Life on the creative edge with a New York City legend.
Few albums have stood the test of time like Suicide's 1977 debut. A mix of keyboard minimalism, rock & roll nostalgia and terrifying menace, it exemplified the sound that Martin Rev and Alan Vega had been sculpting for over half a decade in the hardscrabble downtown of New York City. Vega, the chain-swinging, self-mutilating frontman, led the band from empty rooms and artists' warehouses to riot-inducing opening slots for the likes of Elvis Costello.
But behind Vega's punk spirit, keyboardist Martin Rev stood as the musical backbone of the influential group. Born in the Bronx, Rev came up on a musical diet of classic rock & roll and free-thinking jazz. Despite Suicide's dalliances with fame, Rev has always felt most comfortable pushing the creative envelope. Starting out with his transcendent 1980 solo LP, Rev has weaved an unpredictable path over the course of his solo career. His latest album, Demolition 9, released on his old friend Craig Leon's label, alternates between MIDI-driven modern composition, desiccated punk and blistering noise that would make a Merzbow fan wince. Rev sat down with RA's Matt McDermott in his native NYC last month for a look back on a career that's influenced avant-garde and DIY culture alike.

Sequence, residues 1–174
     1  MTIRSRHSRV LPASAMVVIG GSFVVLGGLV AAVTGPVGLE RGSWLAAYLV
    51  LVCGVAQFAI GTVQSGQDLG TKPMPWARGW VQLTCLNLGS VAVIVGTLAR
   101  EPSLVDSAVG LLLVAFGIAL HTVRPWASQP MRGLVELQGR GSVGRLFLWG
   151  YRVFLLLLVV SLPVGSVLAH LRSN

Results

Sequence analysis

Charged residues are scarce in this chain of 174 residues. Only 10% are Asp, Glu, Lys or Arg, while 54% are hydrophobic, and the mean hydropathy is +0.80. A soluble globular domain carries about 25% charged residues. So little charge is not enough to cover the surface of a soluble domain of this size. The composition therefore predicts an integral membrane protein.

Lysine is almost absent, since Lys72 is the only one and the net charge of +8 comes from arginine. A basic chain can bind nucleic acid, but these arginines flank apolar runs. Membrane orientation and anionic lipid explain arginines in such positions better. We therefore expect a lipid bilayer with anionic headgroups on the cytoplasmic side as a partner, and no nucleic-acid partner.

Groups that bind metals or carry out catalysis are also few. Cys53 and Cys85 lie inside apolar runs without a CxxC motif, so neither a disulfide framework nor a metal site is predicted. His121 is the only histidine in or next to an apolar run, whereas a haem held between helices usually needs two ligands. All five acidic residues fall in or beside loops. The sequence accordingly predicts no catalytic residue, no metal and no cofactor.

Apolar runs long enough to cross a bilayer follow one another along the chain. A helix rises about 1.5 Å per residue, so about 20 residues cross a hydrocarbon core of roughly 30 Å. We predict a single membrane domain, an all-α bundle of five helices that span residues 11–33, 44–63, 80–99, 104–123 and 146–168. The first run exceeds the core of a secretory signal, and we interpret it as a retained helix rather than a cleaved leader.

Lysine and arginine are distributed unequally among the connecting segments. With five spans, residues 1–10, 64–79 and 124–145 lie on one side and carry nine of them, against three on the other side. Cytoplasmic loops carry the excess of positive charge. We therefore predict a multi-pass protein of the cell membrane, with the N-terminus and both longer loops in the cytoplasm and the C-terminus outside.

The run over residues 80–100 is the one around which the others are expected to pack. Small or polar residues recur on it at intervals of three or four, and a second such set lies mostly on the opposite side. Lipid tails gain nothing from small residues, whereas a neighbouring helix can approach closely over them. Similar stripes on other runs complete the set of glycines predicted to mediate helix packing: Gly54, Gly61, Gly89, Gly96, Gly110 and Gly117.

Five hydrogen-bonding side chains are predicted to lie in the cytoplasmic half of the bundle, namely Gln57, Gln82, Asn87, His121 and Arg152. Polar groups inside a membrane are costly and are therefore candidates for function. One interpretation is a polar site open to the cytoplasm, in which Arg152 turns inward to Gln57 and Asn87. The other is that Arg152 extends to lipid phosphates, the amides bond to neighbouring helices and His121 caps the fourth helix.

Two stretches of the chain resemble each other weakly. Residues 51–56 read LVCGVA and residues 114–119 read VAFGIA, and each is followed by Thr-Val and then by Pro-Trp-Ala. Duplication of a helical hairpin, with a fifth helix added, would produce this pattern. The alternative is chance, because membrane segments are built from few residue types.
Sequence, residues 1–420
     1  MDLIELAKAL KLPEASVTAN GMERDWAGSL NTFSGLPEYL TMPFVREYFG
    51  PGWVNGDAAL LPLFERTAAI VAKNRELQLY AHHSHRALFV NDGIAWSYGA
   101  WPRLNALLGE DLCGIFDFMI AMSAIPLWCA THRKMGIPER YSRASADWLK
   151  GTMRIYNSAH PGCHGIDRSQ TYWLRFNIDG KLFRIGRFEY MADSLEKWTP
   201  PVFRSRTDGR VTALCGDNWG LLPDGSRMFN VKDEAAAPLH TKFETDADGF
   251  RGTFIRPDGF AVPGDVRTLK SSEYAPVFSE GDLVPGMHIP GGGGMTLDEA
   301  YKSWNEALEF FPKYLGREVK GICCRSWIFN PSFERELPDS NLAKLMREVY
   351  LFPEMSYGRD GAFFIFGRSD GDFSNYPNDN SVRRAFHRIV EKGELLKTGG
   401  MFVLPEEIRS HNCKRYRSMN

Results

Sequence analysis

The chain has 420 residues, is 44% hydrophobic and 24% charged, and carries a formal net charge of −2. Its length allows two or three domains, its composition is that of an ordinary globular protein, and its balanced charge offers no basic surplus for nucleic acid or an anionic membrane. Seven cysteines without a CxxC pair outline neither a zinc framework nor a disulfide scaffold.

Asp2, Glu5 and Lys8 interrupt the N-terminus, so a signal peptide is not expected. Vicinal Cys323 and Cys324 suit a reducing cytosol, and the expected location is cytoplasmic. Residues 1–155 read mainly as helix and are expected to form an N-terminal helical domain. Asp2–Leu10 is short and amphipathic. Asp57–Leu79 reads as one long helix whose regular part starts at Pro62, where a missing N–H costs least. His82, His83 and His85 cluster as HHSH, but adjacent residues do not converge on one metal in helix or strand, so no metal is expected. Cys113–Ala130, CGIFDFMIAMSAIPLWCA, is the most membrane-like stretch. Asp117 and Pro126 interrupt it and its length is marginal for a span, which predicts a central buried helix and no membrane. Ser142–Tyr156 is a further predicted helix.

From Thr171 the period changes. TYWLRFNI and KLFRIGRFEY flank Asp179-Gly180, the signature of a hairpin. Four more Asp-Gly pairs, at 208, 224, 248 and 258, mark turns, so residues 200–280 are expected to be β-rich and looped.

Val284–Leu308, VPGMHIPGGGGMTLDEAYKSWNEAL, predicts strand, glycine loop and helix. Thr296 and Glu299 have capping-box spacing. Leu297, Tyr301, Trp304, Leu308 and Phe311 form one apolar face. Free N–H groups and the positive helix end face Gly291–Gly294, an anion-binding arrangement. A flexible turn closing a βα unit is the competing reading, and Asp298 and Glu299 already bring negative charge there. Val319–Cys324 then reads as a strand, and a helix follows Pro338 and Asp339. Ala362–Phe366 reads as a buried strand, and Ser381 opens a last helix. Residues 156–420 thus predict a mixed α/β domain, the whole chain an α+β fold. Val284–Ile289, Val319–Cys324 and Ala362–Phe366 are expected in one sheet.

Thanks for Alex from Queens for recording assistance.